This April was notable for being the 350th month in a row where temperatures exceeded the 20th Century average. This means, monthly global temperatures have not fallen below average for even a single month since February 1985.
In fact, the National Oceanic and Atmospheric Administration (NOAA) found that April 2014 was tied with 2010 for the warmest on record going back to 1880.In all this April was 0.77 degrees Celsius (1.39 degrees Fahrenheit) above the 20th Century average. While portions of the U.S., Canada, and Central Asia were below average, Europe, Australia, the Middle East, northern Africa, and Siberia were significantly above.
As the Earth has warmed rapidly over the last century due to burning fossil fuels, so has the continued probability of each month being warmer than a longterm average. Since the late 19th Century, the world has warmed about 0.8 degrees Celsius (1.44 degrees Fahrenheit), but future warming largely depends on how quickly global society combats greenhouse gas emissions.
Countries worldwide have pledged to keep warming from exceeding 2 degrees Celsius (3.6 degrees Fahrenheit), although some experts warn even this target is to high.
According to scientists, nations have moved slowly in tackling global warming with greenhouse gas emissions continue to rise unabated. Progress may be coming though: the U.S. just announced a long-awaited policy to cut CO2 emission from power plants while China says it will set a absolute cap on its own emissions. Countries are expected to come up with a new international agreement on climate change in Paris, 2015.
Aprils from 1880 to today. Graph courtesy of NOAA.
Global mean temperatures from land surface and oceans. Black line is each year, while the red line is 5-year-averages. Graph courtesy of NASA-GISS.
(06/03/2014) Could 2014 be a turning point for efforts to slash global greenhouse gas emissions? Maybe: in less than 24 hours the world’s two largest emitters of carbon dioxide announced plans to finally rein-in the gas most responsible for global warming.
(06/02/2014) On May 22nd, zoos and aquariums around the world creatively called for action on global warming. Dubbed ‘Show the Wild Face of Climate Change,’ the event involved over 70 institutions from 25 countries on all seven continents.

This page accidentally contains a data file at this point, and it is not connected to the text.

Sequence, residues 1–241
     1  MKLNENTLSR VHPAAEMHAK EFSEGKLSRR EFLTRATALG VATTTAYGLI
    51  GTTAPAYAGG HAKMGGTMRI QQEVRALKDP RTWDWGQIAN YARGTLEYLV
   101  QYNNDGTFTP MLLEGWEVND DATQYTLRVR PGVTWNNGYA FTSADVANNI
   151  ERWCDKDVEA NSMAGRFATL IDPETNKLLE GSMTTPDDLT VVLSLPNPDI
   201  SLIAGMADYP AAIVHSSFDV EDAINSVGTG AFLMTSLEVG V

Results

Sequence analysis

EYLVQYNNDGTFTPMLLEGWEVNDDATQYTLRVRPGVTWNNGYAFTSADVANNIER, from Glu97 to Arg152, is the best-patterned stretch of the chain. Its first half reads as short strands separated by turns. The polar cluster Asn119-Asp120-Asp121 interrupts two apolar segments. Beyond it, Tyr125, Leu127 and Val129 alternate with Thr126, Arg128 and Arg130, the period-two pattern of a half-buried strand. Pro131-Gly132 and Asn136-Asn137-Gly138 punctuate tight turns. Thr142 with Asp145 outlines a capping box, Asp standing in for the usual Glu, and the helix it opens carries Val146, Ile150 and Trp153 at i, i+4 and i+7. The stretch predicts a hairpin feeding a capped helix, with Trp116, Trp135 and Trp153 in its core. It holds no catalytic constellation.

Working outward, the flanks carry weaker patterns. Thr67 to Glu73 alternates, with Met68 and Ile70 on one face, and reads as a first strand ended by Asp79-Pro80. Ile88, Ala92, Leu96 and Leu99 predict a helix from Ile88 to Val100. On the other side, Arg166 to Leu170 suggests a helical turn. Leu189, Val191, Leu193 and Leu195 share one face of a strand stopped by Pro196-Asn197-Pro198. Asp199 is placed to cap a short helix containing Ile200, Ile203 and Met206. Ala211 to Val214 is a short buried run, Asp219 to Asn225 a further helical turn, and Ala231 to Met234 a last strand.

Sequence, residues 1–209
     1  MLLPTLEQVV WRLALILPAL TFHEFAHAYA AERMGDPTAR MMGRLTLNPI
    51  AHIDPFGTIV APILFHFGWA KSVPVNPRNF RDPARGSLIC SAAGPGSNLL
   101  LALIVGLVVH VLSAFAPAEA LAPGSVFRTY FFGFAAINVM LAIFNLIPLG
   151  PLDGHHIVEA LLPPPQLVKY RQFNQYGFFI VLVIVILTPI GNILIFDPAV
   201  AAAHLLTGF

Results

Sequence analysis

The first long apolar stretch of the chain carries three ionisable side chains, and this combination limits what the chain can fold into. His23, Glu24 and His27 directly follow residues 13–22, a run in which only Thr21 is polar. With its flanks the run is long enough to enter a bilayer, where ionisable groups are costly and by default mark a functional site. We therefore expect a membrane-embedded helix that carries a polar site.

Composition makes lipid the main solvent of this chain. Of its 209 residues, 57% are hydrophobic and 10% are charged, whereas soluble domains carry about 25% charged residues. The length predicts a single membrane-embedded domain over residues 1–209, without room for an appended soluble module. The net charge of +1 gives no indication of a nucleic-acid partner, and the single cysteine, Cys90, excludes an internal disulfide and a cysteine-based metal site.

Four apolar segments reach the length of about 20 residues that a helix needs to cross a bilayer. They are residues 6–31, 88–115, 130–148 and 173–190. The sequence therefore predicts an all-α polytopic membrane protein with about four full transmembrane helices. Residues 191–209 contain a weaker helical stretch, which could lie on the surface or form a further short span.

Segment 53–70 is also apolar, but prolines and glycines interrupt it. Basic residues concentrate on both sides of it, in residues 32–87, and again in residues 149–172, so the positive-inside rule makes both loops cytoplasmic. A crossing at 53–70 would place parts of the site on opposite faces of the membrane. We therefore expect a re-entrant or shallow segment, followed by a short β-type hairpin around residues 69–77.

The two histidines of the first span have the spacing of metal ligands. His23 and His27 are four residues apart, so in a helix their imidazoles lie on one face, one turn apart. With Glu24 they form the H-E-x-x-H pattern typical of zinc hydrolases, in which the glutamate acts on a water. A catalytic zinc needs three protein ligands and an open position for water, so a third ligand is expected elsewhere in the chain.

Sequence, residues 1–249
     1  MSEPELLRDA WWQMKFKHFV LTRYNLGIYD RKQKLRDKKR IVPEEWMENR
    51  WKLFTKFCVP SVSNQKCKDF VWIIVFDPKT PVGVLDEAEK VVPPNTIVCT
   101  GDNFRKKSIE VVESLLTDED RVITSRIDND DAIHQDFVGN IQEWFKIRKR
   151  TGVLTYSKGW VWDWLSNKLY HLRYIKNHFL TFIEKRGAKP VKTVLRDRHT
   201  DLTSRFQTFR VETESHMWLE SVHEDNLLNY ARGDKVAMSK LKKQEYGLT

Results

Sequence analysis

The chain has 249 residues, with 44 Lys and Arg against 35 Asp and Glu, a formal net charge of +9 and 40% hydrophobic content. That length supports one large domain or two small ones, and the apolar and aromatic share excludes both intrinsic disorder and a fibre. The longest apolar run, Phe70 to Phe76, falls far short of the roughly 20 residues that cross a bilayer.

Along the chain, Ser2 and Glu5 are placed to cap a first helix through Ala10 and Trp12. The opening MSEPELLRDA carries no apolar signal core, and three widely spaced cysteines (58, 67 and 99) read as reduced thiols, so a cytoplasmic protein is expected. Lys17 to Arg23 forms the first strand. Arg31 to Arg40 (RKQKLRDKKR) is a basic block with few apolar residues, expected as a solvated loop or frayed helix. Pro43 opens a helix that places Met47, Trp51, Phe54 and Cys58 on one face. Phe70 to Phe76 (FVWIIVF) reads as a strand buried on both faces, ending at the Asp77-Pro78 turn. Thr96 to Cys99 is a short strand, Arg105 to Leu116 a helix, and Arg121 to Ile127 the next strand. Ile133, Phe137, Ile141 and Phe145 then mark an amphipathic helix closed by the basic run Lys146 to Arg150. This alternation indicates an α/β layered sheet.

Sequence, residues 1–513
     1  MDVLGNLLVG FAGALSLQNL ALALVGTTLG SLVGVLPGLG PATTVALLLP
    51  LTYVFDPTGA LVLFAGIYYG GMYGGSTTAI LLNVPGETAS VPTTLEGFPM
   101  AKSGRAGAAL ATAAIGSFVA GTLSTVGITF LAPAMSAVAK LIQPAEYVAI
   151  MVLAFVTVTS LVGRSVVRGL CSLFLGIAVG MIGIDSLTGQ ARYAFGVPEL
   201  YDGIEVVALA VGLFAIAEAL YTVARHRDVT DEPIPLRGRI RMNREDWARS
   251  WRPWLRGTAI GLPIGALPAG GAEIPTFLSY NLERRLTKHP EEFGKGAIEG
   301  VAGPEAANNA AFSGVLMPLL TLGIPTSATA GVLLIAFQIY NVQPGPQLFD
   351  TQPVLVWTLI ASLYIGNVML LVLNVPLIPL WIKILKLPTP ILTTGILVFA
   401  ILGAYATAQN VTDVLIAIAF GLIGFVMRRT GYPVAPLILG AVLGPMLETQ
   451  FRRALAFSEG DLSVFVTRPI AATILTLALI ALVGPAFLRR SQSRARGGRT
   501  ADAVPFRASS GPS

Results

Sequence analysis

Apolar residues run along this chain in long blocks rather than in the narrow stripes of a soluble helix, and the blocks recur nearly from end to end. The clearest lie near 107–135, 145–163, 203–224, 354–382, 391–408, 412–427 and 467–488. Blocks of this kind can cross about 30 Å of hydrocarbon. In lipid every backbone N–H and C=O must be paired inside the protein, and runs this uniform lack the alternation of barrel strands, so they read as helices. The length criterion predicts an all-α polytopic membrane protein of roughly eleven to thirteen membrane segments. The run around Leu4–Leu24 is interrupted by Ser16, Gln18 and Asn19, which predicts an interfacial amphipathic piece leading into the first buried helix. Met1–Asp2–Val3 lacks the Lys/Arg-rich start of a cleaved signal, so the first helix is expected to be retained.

(05/27/2014) A regulation proposal on coal plants that the U.S. Environmental Protection Agency (EPA) will release in June could be great news for the climate change initiative. The EPA rolled out tough regulations on new constructions of electric generation facilities in January, but the nation’s 1,500 existing power plants were left unaffected.
(05/27/2014) Globally, this April was a scorcher, tying with 2010 for the warmest April on record, according to new data released by the National Oceanic and Atmospheric Administration (NOAA) last week. This makes 2014, to date, the sixth warmest year on record going back to 1880 when comparing the first four months.
(05/23/2014) The U.S. Midwest and Northeast experienced one of the coldest, snowiest winters on record this past season. This might seem contrary to warming trends forecast by climate scientists, but a new analysis released today in Science points out that climate change caused by greenhouse gas emissions may actually have contributed to the well-below average temperatures seen in parts of the U.S.
(05/21/2014) Climate change is happening and humans are causing it, primarily from the increase in atmospheric carbon dioxide caused by burning fossil fuels. This much we know. The ‘secret’ comes from changes happening in the fast-warming Arctic: we may be surprisingly close to an Earth that supports far fewer humans than it does today.
(05/14/2014) Two hundred years from now, the planet could look very different. This week two landmark studies revealed that West Antarctica’s ice sheet is in a state of seemingly inevitable collapse linked to climate change. The slow-motion collapse would by itself eventually lead to a rise in global levels of 3.6-4.5 meters (12-15 feet).
(05/13/2014) Sometimes you need comedians to tell the truth. On his new show, Last Week Tonight, comedian John Oliver took on the poor state of media reporting on climate science.